Indicates Graphics Interchange
Format -- a type of graphic image very common in online services
and the Internet. GIF includes file compression as part of its
definition, so no additional file compression software is needed
.jpg or .jpeg
Indicates Joint Photographers
Experts Group -- a graphics format designed to take up as little
space as possible while retaining as much quality as possible.
JPG files are smaller than GIF files, but take longer to display.
AOL's software will display these.
This file extension tells
you to do something. For example, files named read.me usually
contain last- minute instructions and updated information.
Indicates a Musical Instrument
Digital Interface file. MIDI files are songs for most sound cards
and MIDI boards. Apple's new QuickTime 3 will play these.
.mme and MIME
Indicates a Multipurpose
Internet Mail Extensions (MIME) file. MIME converts a binary attachment
(a program or word processing document or even an image) to a
text format that can be handled by the machines that send e-mail
through the Internet. The Internet's
e-mail system handles basic text files nicely, but doesn't always
handle binary files like pictures or word processing documents.
So, when you send an e-mail message with a file attachment to
someone on the Internet that can't handle binary files, either
AOL or your e-mail client will sometimes encode or translate the
attachment using MIME. Macintosh users can use utilities such
as Decoder , Mpack , or Stuffit Deluxe to
easily decode MIME files. You can download Decoder from:
Mpack (a better utility) can be obtained from:
Indicates a music module.
These are music files that include the instruments as well as
the score, and they play through a sound card, not MIDI. You will
need a special program to play these files, such as SoundApp.
Indicates older Windows
graphics files, commonly used for clip art.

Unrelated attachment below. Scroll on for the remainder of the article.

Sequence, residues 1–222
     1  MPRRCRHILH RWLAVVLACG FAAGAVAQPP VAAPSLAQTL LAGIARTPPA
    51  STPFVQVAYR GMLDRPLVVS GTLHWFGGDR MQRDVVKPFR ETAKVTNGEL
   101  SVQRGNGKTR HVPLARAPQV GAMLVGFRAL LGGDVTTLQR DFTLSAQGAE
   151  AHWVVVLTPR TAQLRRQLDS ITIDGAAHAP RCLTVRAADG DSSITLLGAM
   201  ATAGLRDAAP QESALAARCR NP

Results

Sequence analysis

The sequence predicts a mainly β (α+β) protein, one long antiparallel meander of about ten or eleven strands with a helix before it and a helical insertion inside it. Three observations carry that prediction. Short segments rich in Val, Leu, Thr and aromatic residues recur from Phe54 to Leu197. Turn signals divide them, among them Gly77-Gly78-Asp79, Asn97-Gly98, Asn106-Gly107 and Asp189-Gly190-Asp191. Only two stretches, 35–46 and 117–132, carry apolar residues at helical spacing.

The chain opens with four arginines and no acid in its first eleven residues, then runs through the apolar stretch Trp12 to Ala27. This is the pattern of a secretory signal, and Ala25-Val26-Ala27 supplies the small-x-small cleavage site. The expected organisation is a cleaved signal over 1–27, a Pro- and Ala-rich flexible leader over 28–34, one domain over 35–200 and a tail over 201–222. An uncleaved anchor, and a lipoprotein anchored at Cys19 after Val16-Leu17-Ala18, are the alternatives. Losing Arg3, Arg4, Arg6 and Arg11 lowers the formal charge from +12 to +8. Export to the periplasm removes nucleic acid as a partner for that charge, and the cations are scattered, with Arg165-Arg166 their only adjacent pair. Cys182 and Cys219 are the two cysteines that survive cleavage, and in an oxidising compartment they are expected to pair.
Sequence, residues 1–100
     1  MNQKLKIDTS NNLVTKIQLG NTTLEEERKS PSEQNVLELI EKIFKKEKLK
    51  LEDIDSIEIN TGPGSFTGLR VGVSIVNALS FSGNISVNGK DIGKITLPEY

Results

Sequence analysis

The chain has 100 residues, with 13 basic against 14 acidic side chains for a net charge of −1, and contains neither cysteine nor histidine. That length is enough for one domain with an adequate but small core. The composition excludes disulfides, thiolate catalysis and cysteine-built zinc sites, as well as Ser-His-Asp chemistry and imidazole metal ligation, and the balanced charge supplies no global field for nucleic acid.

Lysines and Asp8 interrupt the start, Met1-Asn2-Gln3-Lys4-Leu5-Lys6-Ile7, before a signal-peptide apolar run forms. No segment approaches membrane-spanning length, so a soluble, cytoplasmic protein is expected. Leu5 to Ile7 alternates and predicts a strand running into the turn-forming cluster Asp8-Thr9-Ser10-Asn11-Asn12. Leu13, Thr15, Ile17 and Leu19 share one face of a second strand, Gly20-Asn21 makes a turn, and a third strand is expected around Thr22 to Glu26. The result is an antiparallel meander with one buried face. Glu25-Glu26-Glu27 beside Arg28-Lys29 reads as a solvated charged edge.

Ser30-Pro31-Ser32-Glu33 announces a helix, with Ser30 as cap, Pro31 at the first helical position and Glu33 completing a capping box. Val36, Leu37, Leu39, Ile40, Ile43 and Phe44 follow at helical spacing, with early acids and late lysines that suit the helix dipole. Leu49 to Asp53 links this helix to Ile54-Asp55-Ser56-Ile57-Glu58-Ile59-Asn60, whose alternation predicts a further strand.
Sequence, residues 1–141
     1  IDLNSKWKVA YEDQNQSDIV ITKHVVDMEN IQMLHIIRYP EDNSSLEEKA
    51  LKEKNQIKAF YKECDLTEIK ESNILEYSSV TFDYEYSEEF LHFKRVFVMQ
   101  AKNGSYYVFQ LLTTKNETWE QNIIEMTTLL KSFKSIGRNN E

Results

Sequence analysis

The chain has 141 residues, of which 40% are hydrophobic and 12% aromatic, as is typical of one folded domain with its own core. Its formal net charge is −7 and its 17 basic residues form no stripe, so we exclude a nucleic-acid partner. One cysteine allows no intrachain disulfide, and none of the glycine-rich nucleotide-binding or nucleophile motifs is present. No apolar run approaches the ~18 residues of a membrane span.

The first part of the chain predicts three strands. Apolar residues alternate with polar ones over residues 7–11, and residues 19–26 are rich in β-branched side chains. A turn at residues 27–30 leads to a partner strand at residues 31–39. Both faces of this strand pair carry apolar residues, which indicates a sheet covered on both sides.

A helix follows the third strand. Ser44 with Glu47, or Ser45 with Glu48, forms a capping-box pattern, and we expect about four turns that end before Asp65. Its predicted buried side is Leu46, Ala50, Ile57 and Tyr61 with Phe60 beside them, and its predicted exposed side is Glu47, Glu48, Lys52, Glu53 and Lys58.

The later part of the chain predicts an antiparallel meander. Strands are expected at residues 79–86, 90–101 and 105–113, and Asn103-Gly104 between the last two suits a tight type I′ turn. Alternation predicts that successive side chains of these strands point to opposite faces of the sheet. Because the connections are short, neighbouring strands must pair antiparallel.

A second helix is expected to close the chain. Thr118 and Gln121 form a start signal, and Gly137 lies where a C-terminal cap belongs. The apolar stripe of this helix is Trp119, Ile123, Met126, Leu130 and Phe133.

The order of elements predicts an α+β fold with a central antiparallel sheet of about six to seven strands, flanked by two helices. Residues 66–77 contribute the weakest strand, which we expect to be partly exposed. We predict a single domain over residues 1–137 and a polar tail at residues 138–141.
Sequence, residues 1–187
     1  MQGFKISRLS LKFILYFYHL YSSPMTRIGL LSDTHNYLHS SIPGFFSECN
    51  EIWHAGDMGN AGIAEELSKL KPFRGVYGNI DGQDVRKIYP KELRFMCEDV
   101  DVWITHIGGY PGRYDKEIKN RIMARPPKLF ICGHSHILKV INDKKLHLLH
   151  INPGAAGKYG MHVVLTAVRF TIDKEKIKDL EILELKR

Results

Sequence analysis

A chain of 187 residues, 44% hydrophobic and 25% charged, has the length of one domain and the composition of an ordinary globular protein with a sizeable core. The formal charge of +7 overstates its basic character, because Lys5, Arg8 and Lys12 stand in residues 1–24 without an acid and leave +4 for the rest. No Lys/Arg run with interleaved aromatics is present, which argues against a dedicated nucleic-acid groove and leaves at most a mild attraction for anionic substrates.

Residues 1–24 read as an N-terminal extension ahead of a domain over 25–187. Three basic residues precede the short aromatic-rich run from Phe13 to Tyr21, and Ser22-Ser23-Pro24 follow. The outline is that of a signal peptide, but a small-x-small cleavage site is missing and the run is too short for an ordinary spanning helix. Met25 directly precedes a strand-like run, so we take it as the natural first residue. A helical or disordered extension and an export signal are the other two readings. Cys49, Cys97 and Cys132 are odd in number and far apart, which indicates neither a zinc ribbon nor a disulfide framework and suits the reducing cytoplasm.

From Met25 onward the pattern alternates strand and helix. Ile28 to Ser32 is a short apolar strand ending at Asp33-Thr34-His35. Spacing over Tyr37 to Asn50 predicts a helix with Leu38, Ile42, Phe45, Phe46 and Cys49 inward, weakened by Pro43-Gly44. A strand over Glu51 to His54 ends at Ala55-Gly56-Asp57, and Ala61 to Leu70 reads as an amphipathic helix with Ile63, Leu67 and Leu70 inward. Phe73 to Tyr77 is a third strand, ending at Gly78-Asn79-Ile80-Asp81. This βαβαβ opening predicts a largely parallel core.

.pct or .pict
Indicates the original Macintosh
graphics format. Even SimpleText can open them.
Indicates a self extracting
archive -- a type of compression file. These are Macintosh Stuffit
self- running files that, when launched, expand into several smaller
files. They cannot be used in Windows.
Indicates a Windows screen
Indicates a StuffIt file.
These are Macintosh
compressed files that can be extracted by Windows users with programs
such as UnSit and UnStuff. Some of the files with this extension
will not run on Windows, even after extraction.
Indicates a sound file.
These are Macintosh System 7 sounds that can be played by simply
double-clicking them and can be opened in any Mac sound utility.
They can also be played on Windows using converters such as SOX.
Indicates a Tagged Image
Format -- bitmapped graphic images popular among desktop publishers.
Also known as TIFF.
Indicates a True Type Font.
These are scalable fonts commonly used in Windows, but may also
run on Macintosh.
Indicates a text file. These
are usually just plain text that can be read by most programs,
especially Notepad on Windows, and SimpleText ,
on Macs. AOL's software will display these if they are 16K or
less in size.
Indicates a Windows sound
file. Mac users can use utilities such as SoundApp to play them,
and also convert them to Mac sound formats.
Indicates a PKzip archive.
This is the most common format for compressed files in the Windows
world. Use ZipIt to create and decode them on the